In the tiny hospital ward, a dozen or so Army Rangers packed in between we medical personnel to take part in a ceremony to award the purple hearts.  Purple hearts are for soldiers injured in the field of battle and represent one of the oldest awards given by the military - dating back to the American Revolution.  It was somber, and a sobering 5 minutes for each of the injured.  These were granted by the general along with meritious service medals, so the whole thing took close to 45 minutes.  As I stood among the Rangers and the other physicians and nurses listening to the citations being read, my spine stiffened with a sense of the honor shared among these men, and the privilege of their witness. 

I can also attest that I am pleased to know that these are the special operations guys - the guys who go deep into enemy lines.  I am not a small man, but each one of these hulking masses stood 2-4 inches higher than me, with the breadth of their shoulders equal to mine plus me sideways, while maintaining a similar waistline.  It was as though I was wandering amidst a crowd on a planet with a different species of humanoids.  Each one of them appeared to be capable and proficient with snapping men's necks between their thumbs and forefingers.  They are well disciplined and professional, but their anger after this cowardly attack has tightened their resolve, and focused them in their pursuit.  I am glad that they are on my side, and I fear for our enemies.

Saturday, June 19, 2010

My day


I have been here for a while.  Not that I am counting, but it appears to be approximately 9.9 million seconds...  ...or so.  I have talked before about the folks who have been out hre multiple times for 12-15 months at time, and put this, and my paltry 6 month deployment, in perspective with the boys from both World War I and II who slept in foxholes for 3 years with no word from home.  That doesn't mean that I cannot look forward to going home, and it won't stop me from counting down days remaining - now that I am well past the 1/2 way point.

I am careful not to wish my life away, however, and continue to soak every bit of goodness from being here.  Ironically, this is probably the best Father's Day I have had.  Near midnight, I received and opened a wonderful package from my sons.  It was filled with snacks, and pictures with them clad in homemade t-shirts that read: "My Dad Rocks."  They sent to me life-size silhouettes of themselves - each of them inches taller, with bigger feet than when I departed.  There were handwritten notes.  One in cursive from the eldest, the first multiple sentence letter ever from the 5 year old.  They aren't so good on the telephone, but it nice to see they remember me, and sort-of appreciate me.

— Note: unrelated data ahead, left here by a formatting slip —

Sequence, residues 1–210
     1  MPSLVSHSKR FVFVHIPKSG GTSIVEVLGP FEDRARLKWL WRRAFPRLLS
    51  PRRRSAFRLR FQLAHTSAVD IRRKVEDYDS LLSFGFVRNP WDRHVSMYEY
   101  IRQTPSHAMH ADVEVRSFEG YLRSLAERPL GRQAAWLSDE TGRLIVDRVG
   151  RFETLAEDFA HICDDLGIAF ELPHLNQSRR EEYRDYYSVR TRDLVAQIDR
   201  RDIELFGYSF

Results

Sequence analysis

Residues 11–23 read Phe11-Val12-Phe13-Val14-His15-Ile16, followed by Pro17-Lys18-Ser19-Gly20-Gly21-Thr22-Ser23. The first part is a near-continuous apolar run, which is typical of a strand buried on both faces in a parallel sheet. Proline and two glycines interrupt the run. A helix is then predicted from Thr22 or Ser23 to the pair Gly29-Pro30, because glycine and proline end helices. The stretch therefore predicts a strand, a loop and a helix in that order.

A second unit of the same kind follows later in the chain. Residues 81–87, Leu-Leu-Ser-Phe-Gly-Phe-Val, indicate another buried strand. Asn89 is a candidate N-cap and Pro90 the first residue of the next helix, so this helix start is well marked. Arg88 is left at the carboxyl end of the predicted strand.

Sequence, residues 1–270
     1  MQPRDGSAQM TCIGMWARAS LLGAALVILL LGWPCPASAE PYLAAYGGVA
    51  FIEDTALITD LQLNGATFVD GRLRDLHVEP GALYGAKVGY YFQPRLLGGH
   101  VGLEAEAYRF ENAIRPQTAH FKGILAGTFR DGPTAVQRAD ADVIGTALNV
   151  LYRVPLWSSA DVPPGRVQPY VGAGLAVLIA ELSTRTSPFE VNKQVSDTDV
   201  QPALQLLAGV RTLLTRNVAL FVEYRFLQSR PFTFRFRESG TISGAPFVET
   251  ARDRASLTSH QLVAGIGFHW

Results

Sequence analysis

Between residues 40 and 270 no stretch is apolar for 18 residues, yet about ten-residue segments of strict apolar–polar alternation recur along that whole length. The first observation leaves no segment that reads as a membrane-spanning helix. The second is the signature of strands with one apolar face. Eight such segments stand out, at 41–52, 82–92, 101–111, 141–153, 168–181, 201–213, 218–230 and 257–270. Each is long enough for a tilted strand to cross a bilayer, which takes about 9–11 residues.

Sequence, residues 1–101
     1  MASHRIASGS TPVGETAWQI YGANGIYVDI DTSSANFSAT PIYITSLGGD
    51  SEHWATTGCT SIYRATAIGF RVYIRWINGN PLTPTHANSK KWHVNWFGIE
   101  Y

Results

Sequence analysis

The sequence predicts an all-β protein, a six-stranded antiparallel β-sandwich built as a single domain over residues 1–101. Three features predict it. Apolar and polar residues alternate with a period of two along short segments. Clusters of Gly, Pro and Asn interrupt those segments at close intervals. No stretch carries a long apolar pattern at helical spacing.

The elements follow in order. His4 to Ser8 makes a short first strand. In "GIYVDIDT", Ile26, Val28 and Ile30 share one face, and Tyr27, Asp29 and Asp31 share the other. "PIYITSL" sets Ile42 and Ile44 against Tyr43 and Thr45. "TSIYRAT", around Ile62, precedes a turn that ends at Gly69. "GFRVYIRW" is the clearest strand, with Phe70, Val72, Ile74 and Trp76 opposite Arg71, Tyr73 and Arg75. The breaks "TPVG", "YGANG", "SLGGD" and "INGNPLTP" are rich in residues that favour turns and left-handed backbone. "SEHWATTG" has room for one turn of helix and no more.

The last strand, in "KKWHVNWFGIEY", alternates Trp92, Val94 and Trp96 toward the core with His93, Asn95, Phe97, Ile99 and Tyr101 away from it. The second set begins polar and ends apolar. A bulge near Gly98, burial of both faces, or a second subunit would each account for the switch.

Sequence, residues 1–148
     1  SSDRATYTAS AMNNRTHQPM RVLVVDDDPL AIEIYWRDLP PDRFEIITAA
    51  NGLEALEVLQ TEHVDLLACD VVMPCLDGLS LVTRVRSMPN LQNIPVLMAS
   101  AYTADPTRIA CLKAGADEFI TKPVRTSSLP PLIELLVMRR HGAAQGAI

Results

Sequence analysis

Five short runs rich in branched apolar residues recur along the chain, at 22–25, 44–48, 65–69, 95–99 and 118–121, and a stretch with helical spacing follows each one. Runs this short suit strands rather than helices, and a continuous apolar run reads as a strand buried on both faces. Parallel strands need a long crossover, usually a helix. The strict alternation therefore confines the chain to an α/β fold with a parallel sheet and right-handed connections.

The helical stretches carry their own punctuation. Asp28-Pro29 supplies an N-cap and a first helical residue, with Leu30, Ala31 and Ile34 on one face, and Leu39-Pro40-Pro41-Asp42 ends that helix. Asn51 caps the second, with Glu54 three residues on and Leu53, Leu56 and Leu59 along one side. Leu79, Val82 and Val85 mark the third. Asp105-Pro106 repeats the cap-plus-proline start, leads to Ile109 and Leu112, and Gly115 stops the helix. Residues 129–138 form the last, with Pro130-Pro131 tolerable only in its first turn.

When you are away from what you love most, you can appreciate the magnitude of your affections.  Absence may or may not make the heart grow fonder, but it clearly provides a higher altitude view.

Friday, June 18, 2010

Saint-sational entertainment, for who?

This picture is a little larger than usual for obvious reasons.  In the middle my friend Brett, a nurse anesthestist friend who comes from the Bayou.  This is not a headliner, as far as the USO is concerned, but I think Brett was quite pleased to have his team represented here.  [If you haven't met a "Who dat?" t-shirt-clad cajun, you have yet to meet a rabid football fan].  So all right!  Glad that the Saintsations made it by!  (I hope that they were wearing sunscreen).
The attempts by the USO to keep the deployed entertained and happy, and the generosity of different entertainers is laudible.  I missed the cast from the Sons of Anarchy, with great dismay, as I would have like to share a near beer with them - one guy who came, Kim Coats, plays a complete psychopath, so I was interested in what he was like in real life.  Zac Brown Band came also, and they recently released a video filmed here in Iraq.  Most of the footage is from here at my hospital and base ( 

You might think that visiting dignitaries would spend time with the brass, but the cheerleaders and actors would be led to the young enlisted to meet and enjoy.  You would be thinking wrong.  In fact, for reasons not clear, the people in charge - the commanders and senior NCOs - are the ones giving the cheerleaders the tours of the hospital.  In all actuality, it is a little embarassing that the guy in charge is spending his time showing the cheerleaders what an ER looks like, when that task would be the envy of any 25 year-old sergeant.  You will have to trust me on this (I do not have bandwith available to prove it), but there are pictures, on the hospital servers of the Command or 40-something superintendents getting chummy with every actor, singer or Hooters girl who has passed through this place.  The worker bees are in the hive collecting honey.

I am just glad the Captain Brett got to meet his Saintsations.  But I wouldn't expect a cajun to tolerate otherwise.

Thursday, June 17, 2010


I will likely never see the true ziggaurat of Ur, the site of the most well preserved remaining Mesopotamian pyramid of the Sumerians from nearly 5000 years ago.  This is one of the things, if things were different, I would like to see in Iraq.  I fear that this will not be a peaceful place to visit as a tourist for many years, if ever, and possibly not in my lifetime.  [So sad that this is true for the large majority of this part of the world].  Alas, 20th-century ziggaurats within the walls of this base will have to suffice.